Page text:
One of the important phases of work in the anthropological laboratory consists of the repair and preservation of a wide variety of anthropological objects. In the process of repairing, but more especially preservation, Mr. Andrews is required to conduct library research to establish methods as well as original experimental research. Within the past 18 months he perfected and described a revised procedure for removing rust from iron objects excavated from colonial sites. Moreover, he perfected a method for preserving the surface of these objects after they have been cleaned. At the present time he is doing research in connection with the preservation of thousands of old, dry and brittle baskets from primitive tribes throughout the world.

Joe Andrews' experimental work with iron objects culminated in an article entitled "Restoring Iron and Metal Objects Corroded by Oxidation." Earlier, in 1956, Joe Andrews had collaborated with Rutherford Gettens, Head Curator, Freer Gallery Laboratory to study tarnish preventive qualities of various coatings for silver objects. The coatings studied were Egyptian varnish, Alvar (poly vinyl acetal) lacquer and an Acryloid (ethyl methacrylate copolymer) coating.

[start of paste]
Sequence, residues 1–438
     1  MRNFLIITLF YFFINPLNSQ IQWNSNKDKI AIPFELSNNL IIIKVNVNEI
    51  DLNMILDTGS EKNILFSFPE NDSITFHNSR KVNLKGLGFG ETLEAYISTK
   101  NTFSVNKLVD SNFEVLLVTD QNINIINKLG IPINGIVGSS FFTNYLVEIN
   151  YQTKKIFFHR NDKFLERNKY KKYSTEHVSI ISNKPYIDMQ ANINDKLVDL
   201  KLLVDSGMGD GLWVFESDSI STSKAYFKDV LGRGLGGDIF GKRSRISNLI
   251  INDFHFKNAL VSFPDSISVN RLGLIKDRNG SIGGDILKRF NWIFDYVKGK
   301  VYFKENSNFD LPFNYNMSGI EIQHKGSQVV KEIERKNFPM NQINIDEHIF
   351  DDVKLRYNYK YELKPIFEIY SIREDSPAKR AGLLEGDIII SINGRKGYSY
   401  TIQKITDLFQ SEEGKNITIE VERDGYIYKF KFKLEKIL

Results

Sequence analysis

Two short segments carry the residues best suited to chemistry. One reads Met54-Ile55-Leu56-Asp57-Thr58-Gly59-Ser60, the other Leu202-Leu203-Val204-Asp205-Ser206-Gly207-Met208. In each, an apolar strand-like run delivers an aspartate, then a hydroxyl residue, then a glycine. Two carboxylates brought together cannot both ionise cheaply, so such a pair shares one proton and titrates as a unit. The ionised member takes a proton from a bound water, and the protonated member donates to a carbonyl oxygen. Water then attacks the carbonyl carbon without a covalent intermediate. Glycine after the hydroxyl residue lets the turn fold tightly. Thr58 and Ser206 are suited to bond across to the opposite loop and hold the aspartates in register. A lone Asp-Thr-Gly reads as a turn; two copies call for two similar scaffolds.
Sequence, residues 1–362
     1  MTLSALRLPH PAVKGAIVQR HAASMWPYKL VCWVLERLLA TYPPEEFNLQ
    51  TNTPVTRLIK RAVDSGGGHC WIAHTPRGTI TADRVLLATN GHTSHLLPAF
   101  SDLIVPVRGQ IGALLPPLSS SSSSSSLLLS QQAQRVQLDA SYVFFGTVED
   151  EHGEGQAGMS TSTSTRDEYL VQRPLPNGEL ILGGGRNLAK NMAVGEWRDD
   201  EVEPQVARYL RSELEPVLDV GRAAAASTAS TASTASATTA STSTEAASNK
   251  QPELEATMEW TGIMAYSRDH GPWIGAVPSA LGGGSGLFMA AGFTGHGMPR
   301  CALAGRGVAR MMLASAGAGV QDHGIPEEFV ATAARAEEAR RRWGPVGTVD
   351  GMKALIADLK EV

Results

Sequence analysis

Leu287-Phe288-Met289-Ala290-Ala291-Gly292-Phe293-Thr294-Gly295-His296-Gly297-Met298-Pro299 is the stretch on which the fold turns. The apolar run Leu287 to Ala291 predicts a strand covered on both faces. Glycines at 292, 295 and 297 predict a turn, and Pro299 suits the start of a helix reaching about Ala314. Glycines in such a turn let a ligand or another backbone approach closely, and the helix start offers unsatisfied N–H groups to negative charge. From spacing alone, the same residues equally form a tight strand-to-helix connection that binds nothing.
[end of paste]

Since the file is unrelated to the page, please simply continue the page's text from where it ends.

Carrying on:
While many of the details of Joe Andrews' experiments and treatments do not exist beyond what is described in his annual reports (maybe yet to be uncovered with more archival research), the ACL recently discovered in the lab his signed and well-worn copy of the National Park Service Field Manual for Museums (1941). The chapter on technical methods will lend valuable insight into the treatment of thousands of objects that otherwise have no written documentation, a standard practice that was instituted in the laboratory in the mid 1960s.

Joe Andrews' final entry in his last annual report reads: "The author of this report, having started work in the Laboratory on May 14, 1937, and after having completed approximately 37 years of a most satisfying and rewarding association, will retire on the 31st of December, 1973."  He passed away on December 26, 1992 at the age of 88.